Following early private practice Justice Brand’s life became increasingly one of public service. He was city attorney of Marshfield, Oregon. In 1927 he became circuit judge in the Second Judicial District in Oregon. In 1941 he was appointed a justice of the Oregon Supreme Court and was Chief Justice, 1951-58. As a Supreme Court judge he participated in a number of important decisions. In 1947 Willamette University awarded him the Honorary Doctor of Laws Degree.
That same year he was appointed a judge in the war crimes trials in Nuremberg, Germany, and through much of the trial period he was the presiding judge. In Oregon he was a member of a gubernatorial committee to study improvement of the State’s judicial system. He earned distinction in the fields of constitutional and international law.
Following retirement from the Oregon Supreme Court in 1918, he taught constitutional law for three years at Stetson University in Florida. He also lectured in jurisprudence for a time at the University of Oregon. He was president of the Oregon Bar Association, 1934-35, and had served as a director and president of the Coos Bay National Bank. He served both Oberlin College and Reed College as trustee. He contributed significantly to many professional journals and wrote frequently for the Portland Oregonian as an editorial columnist.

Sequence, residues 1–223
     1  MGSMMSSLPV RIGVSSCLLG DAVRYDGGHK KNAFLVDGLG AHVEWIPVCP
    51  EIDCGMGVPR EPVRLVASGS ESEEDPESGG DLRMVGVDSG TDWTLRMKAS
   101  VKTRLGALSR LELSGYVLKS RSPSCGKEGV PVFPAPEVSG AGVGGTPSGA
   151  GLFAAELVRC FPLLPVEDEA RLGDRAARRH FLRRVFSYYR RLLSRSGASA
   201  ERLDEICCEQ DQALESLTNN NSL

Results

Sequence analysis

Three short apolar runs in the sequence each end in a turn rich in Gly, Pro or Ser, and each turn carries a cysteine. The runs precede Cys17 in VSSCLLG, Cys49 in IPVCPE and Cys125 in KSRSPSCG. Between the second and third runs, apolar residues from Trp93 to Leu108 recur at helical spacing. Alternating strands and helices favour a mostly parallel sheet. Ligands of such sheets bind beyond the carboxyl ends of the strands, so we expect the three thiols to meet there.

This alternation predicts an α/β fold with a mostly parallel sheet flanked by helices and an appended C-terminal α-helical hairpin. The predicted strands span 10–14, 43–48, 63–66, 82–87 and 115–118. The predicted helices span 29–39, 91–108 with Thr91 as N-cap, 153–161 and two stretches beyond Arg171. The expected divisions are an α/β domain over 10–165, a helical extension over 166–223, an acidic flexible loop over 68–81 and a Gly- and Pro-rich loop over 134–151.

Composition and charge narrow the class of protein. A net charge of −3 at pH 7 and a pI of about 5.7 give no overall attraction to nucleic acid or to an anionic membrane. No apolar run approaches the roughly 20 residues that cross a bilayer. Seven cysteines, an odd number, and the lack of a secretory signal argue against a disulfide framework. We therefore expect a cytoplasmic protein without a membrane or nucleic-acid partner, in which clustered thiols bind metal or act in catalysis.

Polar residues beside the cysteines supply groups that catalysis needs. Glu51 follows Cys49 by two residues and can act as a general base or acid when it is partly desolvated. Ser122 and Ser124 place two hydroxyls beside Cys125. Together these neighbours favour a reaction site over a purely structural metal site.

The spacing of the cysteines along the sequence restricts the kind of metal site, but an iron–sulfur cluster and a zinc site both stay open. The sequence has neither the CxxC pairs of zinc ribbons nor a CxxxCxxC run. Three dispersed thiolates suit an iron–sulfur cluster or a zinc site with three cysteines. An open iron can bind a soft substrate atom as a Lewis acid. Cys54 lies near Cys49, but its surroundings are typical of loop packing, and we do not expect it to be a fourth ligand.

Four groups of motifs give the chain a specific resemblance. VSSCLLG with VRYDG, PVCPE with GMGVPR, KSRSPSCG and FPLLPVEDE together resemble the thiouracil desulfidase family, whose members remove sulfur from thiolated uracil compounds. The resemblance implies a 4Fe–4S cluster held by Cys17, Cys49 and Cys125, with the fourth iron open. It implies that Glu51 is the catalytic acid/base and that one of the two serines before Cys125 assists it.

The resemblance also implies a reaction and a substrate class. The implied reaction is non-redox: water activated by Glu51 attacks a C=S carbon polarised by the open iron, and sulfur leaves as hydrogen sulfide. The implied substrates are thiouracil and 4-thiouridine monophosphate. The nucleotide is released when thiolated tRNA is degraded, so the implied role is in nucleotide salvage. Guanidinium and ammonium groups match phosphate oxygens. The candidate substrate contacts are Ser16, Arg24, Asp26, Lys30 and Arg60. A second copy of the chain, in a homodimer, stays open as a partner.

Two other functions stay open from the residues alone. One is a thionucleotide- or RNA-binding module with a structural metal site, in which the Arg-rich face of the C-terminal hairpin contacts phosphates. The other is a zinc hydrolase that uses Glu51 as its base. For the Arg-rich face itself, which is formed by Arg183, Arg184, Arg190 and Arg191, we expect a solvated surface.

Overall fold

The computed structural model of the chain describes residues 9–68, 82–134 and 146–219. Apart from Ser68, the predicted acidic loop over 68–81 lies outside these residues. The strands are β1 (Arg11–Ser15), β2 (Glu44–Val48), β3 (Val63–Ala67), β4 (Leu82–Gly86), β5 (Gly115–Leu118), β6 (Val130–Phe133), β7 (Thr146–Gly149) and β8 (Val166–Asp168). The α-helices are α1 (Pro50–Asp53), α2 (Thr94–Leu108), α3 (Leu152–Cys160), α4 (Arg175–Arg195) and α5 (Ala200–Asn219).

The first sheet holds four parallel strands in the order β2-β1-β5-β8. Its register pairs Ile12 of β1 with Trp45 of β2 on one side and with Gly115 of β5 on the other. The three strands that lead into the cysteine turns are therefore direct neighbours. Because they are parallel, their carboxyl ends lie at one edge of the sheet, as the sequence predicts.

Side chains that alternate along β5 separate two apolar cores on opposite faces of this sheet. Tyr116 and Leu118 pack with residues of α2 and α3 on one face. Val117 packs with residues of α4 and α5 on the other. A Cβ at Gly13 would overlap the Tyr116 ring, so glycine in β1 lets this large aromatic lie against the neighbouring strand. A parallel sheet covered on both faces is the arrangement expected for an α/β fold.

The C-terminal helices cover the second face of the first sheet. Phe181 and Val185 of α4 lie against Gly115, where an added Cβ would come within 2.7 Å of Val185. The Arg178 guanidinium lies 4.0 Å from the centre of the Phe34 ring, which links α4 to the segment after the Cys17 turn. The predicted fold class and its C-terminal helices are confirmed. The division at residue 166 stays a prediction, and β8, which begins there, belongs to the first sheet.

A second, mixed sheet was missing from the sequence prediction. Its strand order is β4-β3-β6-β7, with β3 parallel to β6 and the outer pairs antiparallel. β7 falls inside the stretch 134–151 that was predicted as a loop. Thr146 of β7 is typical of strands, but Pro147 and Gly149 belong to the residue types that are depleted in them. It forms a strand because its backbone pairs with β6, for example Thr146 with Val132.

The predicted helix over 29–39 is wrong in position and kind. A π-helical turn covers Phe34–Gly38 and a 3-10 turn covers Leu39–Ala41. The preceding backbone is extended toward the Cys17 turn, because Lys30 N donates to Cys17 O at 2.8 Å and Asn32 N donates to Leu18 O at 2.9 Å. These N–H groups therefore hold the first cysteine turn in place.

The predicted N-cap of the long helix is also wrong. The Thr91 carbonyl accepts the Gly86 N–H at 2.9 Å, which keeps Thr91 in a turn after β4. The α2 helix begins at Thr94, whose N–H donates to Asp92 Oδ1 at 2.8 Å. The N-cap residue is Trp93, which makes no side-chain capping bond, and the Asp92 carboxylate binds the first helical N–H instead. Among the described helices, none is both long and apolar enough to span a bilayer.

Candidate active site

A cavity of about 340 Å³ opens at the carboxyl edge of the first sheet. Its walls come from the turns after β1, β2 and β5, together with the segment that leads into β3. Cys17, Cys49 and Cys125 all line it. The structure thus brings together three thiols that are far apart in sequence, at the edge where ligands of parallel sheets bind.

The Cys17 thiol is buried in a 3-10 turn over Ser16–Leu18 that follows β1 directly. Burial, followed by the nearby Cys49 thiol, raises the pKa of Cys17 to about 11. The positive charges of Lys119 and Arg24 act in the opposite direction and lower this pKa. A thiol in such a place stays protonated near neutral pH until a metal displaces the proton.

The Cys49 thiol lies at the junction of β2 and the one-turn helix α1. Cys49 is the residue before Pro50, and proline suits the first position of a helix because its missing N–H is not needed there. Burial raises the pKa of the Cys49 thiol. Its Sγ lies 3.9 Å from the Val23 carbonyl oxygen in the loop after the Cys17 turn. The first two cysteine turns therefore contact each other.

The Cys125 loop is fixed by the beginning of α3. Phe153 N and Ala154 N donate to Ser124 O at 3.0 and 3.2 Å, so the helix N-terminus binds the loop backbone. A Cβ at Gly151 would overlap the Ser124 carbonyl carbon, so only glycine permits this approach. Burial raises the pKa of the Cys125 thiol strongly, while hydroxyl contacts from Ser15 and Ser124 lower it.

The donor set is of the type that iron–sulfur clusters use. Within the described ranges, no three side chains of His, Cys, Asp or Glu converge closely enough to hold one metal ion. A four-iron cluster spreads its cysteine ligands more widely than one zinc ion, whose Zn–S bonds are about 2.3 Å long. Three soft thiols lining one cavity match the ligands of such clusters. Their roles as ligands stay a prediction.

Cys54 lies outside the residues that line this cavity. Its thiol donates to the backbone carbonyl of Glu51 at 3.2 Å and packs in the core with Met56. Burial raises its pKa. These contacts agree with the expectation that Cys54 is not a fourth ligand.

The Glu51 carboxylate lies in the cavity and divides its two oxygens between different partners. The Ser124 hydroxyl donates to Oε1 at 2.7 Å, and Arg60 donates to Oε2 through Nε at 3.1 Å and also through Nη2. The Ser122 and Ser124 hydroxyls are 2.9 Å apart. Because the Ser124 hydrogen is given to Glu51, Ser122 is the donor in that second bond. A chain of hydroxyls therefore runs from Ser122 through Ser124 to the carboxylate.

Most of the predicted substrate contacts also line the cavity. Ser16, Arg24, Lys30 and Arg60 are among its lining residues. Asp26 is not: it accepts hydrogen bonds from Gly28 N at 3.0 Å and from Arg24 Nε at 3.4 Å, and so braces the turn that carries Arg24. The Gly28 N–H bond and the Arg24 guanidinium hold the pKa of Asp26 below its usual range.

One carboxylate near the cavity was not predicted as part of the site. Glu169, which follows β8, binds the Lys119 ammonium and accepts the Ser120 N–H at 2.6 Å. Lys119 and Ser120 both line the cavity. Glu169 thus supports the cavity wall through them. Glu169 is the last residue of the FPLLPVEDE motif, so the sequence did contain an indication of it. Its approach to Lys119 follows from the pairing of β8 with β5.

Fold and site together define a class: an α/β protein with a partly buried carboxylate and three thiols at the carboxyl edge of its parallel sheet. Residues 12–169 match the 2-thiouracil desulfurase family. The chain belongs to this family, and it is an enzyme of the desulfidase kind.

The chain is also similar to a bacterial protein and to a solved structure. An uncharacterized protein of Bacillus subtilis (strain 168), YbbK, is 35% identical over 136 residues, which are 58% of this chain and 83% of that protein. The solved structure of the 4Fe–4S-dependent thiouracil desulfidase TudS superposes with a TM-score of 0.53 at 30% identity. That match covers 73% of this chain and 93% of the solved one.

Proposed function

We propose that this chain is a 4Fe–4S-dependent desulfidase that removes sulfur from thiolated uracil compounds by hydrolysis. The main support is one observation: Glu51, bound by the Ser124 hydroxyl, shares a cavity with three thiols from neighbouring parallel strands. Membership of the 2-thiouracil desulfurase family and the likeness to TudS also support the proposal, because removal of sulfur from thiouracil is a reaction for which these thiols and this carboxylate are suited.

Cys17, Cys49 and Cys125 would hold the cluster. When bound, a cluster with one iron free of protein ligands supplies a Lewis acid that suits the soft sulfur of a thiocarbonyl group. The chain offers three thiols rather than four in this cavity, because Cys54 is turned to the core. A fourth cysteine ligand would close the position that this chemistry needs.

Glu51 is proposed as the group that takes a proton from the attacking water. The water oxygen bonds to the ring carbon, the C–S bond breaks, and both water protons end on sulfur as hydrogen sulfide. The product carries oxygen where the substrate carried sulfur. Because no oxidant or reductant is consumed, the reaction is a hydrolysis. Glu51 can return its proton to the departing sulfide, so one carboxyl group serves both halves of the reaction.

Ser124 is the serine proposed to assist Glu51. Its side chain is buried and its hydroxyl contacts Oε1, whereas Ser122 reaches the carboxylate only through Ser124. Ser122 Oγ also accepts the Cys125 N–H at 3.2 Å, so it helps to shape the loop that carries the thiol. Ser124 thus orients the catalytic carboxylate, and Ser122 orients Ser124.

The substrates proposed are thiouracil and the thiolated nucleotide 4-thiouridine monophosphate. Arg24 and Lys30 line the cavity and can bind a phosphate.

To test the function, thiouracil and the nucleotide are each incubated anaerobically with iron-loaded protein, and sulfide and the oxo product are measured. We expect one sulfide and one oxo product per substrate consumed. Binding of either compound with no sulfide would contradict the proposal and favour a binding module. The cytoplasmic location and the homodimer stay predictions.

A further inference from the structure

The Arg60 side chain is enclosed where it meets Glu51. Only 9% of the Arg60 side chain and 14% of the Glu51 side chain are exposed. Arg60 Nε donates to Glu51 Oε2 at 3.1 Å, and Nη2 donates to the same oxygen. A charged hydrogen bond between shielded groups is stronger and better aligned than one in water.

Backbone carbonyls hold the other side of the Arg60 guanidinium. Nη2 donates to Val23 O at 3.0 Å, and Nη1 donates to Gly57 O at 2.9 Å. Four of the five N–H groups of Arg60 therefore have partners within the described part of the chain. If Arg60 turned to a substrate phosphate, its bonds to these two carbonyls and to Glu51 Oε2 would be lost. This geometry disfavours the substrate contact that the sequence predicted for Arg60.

James T. Brand joins an elite group of Oregonians who have inspired characters in films.
I hereby claim Judgement At Nuremberg as an Oregon film, based on the role James T. Brand played in inspiring the character of Dan Haywood, played by Spencer Tracy.
Tags: Abby Mann·James T. Brand·Spencer Tracy·Stanley Kramer
Penny Allen made her first feature film, Property
(1977), in Portland’s Lair Hill neighborhood on a CETA grant. She made her third feature film, En retard pour l’enterrement de ma mère
( Late For My Mother’s Funeral
) in Algeria, with French financing, a French crew, and a French speaking cast of non-professional Morrocan-Algerian-French actors.